I closed a ticket today, a very minor one: the programmer's manual, which is a Texinfo document wasn't building on my Fedora 14 system on an Intel Mac Mini.Some months ago I decided to upgrade the Mini to Fedora 16 and that was the end of the Mini. Long story short: Fedora switched to the GRUB2 boot loader and after the distro is installed on the Mini it won't reboot. GRUB2 couldn't find the kernel, even when I explicitly passed the path on boot.The Mini has a flaky CDROM drive so installing anything means trying over and over until the installation process survives with no bad reads from the DVD disc. I should just pry the Mini open at this point and install a new optical drive.Tonight while doing another task (several, really) I kept trying to reinstall FC on the Mini, and the sixth or seventh try went without a hitch. Finally. I started "yum groupinstall"ing things to get the system fleshed out with the tools I need. It's almost there now.So I git cloned Waverous off Google Code and got the manual to build. Finally! It's not much but at least that's one ticket closed and the project inches forward. I still wanna try branching and doing a radical rewrite of the structs into classes just for kicks.

Syndicated 2012-03-25 07:10:00 (Updated 2012-03-25 07:14:58) from Wainstead

Long delay in doing anything

I'm posting to say I haven't gone away, nor plans for Waverous... I am still planning on releasing File I/O in a newly patched form for the MOO community.I'm also keen on doing some serious experimentation with Waverous by doing wholesale changes from C to C++, just to see what happens.I've been super busy here in Las Vegas running the Python Programmers Meetup and attending many other meetups, especially the Las Vegas Jellies. The weekly Jelly happens right down the street from me and has exploded with activity.

Syndicated 2012-02-24 00:45:00 (Updated 2012-02-24 00:45:16) from Wainstead

GammaMOO and Stunt LambdaMOO project plugs

I've recently done some testing for GammaMOO, which has restarted development. It's really exciting to see LambdaMOO development happening again.Check out Luke's GammaMOO project!The other ongoing fork of LambdaMOO is Todd Sundsted's Stunt which adds multiple inheritance to the Moo scripting language. Also worth checking out! Or cloning, as be the case.

Syndicated 2012-01-03 04:58:00 (Updated 2012-01-03 04:58:34) from Wainstead

What I'd like to see for LambdaMOO

On the MOO-talk mailing list, the question was posed: What other things are missing from the MOO server?My answer: users. And usability. And hackers.

Syndicated 2011-12-02 05:41:00 (Updated 2011-12-02 05:43:22) from Wainstead

Waverous is now using Git

I finally sat down, rolled up my sleeves and converted Waverous to a Git repository on Google Code. There were a few things that needed extra attention:

1) I used John Albin's instructions on converting a Subversion repository to Git. It provided the most complete way of doing it.I had to do some detective work to figure out the names and emails of some previous committers, but in the end I had a repository with all the data I wanted including all branches and tags.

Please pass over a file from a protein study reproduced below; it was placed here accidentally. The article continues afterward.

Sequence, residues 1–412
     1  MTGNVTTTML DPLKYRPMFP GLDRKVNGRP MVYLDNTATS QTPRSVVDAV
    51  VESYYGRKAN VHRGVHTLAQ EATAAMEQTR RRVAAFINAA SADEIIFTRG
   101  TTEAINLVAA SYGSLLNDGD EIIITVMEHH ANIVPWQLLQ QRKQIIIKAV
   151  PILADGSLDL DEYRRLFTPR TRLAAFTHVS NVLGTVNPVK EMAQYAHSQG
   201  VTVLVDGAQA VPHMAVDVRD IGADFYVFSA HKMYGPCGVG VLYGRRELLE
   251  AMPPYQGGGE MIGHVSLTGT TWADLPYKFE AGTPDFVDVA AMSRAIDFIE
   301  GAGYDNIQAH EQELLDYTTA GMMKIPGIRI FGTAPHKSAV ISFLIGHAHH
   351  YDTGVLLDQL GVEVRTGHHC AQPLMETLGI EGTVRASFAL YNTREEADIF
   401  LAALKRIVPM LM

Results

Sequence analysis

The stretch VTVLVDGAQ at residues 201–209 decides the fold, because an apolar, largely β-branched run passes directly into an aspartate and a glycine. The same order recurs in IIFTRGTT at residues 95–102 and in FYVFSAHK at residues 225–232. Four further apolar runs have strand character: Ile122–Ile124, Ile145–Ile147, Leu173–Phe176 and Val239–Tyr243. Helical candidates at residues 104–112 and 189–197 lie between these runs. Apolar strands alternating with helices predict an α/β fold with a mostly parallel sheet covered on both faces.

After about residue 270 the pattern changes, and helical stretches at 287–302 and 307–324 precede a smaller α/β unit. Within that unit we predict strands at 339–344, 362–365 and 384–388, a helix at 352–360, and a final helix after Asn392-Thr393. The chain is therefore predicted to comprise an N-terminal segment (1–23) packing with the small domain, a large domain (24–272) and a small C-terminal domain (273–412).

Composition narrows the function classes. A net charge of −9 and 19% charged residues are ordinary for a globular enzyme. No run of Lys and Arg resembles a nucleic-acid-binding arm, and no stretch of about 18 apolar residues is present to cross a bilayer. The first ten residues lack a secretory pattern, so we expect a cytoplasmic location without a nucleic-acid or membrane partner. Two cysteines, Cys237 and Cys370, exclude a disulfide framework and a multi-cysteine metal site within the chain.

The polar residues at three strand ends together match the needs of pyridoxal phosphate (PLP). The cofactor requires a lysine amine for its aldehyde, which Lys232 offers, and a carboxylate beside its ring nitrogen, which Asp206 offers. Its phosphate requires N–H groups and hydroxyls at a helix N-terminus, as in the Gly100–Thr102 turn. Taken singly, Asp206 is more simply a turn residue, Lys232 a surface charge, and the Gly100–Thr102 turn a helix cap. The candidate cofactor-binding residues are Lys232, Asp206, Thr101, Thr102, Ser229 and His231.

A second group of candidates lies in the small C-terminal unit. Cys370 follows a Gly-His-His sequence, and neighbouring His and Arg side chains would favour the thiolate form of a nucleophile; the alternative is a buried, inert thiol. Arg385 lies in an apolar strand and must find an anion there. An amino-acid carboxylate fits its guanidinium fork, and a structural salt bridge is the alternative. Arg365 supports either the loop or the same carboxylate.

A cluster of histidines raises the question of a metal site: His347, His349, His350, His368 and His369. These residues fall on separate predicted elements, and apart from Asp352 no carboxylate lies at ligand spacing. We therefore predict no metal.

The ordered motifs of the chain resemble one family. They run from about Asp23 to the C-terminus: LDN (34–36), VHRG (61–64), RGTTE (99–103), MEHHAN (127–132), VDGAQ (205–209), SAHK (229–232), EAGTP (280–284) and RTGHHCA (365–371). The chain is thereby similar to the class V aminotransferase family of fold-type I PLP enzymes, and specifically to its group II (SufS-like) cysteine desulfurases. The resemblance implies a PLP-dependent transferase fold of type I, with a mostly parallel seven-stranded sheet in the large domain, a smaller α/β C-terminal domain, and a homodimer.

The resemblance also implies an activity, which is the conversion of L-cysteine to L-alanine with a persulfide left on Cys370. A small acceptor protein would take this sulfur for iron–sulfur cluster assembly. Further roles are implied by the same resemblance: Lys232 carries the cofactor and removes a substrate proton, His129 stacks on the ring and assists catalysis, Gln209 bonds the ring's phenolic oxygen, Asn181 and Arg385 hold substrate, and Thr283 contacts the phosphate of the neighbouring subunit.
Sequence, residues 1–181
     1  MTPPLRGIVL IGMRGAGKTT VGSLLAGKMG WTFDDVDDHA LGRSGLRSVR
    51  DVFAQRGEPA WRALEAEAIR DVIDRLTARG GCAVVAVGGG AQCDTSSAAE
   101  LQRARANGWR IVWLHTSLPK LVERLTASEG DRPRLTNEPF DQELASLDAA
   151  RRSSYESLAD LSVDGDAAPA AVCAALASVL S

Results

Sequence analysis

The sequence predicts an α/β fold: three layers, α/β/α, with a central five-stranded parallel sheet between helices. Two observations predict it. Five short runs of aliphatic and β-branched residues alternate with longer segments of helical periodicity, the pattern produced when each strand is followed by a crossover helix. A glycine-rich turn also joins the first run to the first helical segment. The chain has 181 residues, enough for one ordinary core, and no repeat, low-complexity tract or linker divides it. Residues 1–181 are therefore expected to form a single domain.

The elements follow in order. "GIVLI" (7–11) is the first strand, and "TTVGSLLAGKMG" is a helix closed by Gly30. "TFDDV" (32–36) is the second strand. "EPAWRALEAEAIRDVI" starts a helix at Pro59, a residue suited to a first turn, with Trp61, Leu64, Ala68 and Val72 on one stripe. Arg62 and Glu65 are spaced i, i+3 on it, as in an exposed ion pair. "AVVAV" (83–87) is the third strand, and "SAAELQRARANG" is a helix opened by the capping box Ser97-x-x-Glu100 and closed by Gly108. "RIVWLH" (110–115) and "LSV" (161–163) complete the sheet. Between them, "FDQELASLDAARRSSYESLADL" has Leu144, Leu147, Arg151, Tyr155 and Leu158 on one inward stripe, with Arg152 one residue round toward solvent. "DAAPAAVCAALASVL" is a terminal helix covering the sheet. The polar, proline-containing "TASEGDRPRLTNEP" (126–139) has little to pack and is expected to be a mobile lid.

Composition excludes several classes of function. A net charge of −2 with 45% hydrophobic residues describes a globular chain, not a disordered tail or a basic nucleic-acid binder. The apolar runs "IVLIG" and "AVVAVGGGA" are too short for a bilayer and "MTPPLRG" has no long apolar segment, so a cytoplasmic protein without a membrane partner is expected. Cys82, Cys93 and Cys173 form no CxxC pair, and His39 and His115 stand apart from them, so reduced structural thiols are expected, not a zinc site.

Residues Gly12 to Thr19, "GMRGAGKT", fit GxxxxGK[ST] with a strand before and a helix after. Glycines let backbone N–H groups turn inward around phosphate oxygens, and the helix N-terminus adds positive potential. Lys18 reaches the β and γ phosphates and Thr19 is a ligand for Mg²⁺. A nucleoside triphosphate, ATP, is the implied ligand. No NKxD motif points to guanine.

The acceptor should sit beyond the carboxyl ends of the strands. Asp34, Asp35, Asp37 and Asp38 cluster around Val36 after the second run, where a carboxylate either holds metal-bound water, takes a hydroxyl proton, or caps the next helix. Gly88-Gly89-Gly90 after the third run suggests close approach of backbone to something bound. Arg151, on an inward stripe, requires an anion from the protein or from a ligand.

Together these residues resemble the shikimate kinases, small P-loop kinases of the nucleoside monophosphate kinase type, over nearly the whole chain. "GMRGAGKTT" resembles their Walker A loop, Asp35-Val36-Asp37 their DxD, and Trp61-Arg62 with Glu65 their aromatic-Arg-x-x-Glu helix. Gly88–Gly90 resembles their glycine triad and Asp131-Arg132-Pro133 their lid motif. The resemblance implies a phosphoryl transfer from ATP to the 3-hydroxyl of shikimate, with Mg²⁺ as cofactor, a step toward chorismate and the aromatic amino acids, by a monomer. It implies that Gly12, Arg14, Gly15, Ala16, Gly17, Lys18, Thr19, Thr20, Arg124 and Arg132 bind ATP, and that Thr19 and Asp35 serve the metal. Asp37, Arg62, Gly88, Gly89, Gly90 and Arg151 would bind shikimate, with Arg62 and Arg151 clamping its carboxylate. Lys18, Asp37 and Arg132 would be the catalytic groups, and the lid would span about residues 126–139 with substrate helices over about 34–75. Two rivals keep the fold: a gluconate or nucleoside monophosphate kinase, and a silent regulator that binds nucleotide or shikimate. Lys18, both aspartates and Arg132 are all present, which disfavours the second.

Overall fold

2) Getting all branches to the remote was not obvious, so I just did some rectangle editing in Emacs:


git checkout AUTOCONF_TWO
git checkout CONSTANTS
git checkout FLOATSUSPEND
git checkout HEAD -> origin/master
git checkout INLINEPC
git checkout UNSAFE_OPTS
git checkout WAIF
git checkout WROGUE
git checkout avalon181
git checkout demacrofication
git checkout demacrofication@233
git checkout experimental_automake
git checkout experimental_reorg
git checkout master
git checkout pavel
3) Then I pushed everything to Google Code:

git push googlecode --all
4) I found the tags didn't make it up either. This was another step:

git push --tags
The one thing I don't like, so far, is I have to maintain a .netrc file with my Google Code password, and when I git clone the repository I have to edit out my username@ from the URL. But after that everything seems to work fine, though git push just returns "Repository up-to-date" without telling me anything happened.So, from the top:

# clone repository created from John Albin's instructions
git clone ~/new-bare.git waverous

# add the new remote per Google's instructions
git remote add googlecode https://code.google.com/p/waverous

# check out all branches from my local repository
git checkout AUTOCONF_TWO
git checkout CONSTANTS
git checkout FLOATSUSPEND
git checkout HEAD -> origin/master
git checkout INLINEPC
git checkout UNSAFE_OPTS
git checkout WAIF
git checkout WROGUE
git checkout avalon181
git checkout demacrofication
git checkout demacrofication@233
git checkout experimental_automake
git checkout experimental_reorg
git checkout master
git checkout pavel

# push all branches to Google Code
git push googlecode --all

# push all tags to Google Code
git push --tags

# Clone and push the wiki on Google Code as a new Git repository
git clone https://code.google.com/p/waverous.wiki
cd waverous.wiki
svn export --force http://waverous.googlecode.com/svn/wiki .
git add .
git commit -m "Conversion of Waverous's wiki documentation to Git."
git push origin master
Overall this was a dumb brute force approach, but it got everything done.

Syndicated 2011-09-03 19:30:00 (Updated 2011-09-03 19:30:33) from Wainstead

technorati claim post (ignore)

84VBNE7QDC98
this is to satisfy technorati that I own this blog

Syndicated 2011-08-24 13:52:00 (Updated 2011-08-24 13:52:06) from Wainstead